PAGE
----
All of these conditions (and more) make it essential that planning for climate change is rooted in the needs of older adults. Not only because they are an increasingly large share of our population, but because when we solve for the needs of older adults, we also reduce risk for people of all ages who are low-income, or don’t drive, or who live with disabilities. We also solve for the needs of our future selves, as we all seek to live in a community that will be safe, resilient, and responsive to our needs as we age and as our abilities shift while also adapting to our new climate future.

So, what can be done? Well, a lot.

Public officials and planners can ensure that transit alternatives exist and truly meet the mobility needs of older adults, both on a daily basis and in times of emergency. Emergency managers can design and implement communication systems that include and leverage community-based assets like home health aides and volunteers to ensure that timely information reaches older adults in modes that work for them. Health care and aging services providers can engage in conversation with those they serve about how their dementia, or heart disease, or ambulatory limitations exacerbate their risk to climate-related conditions. There is a role for every sector and every individual to take action to better reduce the risks that older adults face in our climate future.

The time to begin this work has long since passed. We are fast approaching both our climate tipping point of 1.5 degrees Celsius, as well as the demographic tipping point in which we will be a country of more older adults than children. Let’s each take it upon ourselves to bring a clear-eyed perspective to the task of advancing climate resilience for our aging nation.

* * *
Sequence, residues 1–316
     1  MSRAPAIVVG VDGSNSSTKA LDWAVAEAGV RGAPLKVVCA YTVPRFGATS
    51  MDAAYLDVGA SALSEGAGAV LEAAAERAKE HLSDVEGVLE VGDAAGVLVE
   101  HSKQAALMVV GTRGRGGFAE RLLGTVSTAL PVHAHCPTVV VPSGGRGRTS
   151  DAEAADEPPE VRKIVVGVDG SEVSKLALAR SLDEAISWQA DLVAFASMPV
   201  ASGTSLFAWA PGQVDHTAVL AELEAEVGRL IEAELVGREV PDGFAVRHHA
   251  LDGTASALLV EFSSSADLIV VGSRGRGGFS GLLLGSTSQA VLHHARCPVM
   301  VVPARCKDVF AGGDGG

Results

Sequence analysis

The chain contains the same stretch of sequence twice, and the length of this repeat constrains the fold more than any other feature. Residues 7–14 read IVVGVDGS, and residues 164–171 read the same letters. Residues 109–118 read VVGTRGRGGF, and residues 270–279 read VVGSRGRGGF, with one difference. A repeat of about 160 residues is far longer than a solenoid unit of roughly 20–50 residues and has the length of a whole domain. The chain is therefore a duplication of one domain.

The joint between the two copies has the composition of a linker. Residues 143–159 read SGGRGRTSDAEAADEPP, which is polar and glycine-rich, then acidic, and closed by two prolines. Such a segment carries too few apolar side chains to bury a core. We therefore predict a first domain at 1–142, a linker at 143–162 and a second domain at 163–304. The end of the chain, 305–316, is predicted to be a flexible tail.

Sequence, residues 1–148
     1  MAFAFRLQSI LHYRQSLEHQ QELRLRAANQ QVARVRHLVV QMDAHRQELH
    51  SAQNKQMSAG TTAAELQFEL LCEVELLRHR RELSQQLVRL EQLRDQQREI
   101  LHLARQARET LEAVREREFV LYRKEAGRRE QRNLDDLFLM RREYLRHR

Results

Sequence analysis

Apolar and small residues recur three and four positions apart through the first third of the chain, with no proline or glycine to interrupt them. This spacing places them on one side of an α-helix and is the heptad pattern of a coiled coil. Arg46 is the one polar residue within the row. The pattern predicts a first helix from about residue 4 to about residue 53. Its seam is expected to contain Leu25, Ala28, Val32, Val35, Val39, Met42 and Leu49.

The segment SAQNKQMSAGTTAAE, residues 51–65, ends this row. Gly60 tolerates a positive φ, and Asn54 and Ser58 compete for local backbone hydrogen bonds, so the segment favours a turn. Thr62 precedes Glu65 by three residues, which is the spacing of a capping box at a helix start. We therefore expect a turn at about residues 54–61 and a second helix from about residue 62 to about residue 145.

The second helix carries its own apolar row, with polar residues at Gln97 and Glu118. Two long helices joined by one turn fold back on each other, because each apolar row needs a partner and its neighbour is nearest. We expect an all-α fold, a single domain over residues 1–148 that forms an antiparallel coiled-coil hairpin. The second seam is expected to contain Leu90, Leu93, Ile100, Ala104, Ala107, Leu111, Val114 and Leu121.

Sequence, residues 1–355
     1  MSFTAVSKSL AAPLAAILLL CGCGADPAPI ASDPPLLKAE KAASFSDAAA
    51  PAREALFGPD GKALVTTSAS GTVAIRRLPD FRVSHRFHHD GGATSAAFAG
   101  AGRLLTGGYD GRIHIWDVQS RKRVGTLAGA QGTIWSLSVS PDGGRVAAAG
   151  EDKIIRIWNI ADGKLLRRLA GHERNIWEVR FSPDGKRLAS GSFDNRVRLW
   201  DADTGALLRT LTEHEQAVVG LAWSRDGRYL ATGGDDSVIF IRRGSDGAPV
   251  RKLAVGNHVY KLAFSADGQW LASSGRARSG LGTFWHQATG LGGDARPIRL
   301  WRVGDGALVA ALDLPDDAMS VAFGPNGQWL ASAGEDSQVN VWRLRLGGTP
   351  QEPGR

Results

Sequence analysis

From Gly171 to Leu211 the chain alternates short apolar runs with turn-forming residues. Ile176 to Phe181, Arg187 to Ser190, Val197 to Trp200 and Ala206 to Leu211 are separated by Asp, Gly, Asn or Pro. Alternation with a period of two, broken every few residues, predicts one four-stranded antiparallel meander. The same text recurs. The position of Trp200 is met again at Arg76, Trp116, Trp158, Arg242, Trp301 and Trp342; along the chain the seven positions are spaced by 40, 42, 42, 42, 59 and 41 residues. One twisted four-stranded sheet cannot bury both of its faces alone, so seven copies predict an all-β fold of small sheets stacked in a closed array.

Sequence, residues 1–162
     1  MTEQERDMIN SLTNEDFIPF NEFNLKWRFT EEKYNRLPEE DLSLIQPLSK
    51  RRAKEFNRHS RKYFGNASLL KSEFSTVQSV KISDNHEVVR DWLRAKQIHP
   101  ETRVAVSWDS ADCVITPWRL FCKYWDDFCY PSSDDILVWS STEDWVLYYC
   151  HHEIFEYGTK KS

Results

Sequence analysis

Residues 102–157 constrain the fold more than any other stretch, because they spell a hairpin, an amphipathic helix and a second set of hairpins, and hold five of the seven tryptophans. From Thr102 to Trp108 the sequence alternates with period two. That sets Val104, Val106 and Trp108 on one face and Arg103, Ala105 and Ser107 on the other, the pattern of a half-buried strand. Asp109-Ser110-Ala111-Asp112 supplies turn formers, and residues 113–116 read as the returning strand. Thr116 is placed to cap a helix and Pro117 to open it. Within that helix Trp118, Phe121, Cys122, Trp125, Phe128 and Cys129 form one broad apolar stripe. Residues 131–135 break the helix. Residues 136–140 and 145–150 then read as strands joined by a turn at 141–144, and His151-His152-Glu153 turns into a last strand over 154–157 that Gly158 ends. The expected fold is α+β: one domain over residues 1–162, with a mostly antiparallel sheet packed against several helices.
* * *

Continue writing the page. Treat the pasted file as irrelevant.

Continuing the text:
Danielle Arigoni is managing director of policy and solutions at National Housing Trust and a policy and program expert in the fields of livable communities, affordable housing and climate resilience. She has worked for more than 25 years in the federal government and nonprofit sectors in pursuit of more equitable, sustainable, and resilient places. She began her career as a Peace Corps volunteer in Kenya and has since led impactful and innovative teams at USAID, EPA, HUD, and AARP. She serves on the boards of Smart Growth America and the League of American Bicyclists. Danielle is the author of the new book Climate Resilience for an Aging Nation (Island Press).

This article was published in collaboration with the Island Press Urban Resilience Project, which is supported by The Kresge Foundation and The JPB Foundation. It was originally published January 25, 2024 on The Messenger.

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Urban Resilience Project

A changing climate means a changing society. The Island Press Urban Resilience Project (URP) is committed to a greener, fairer future.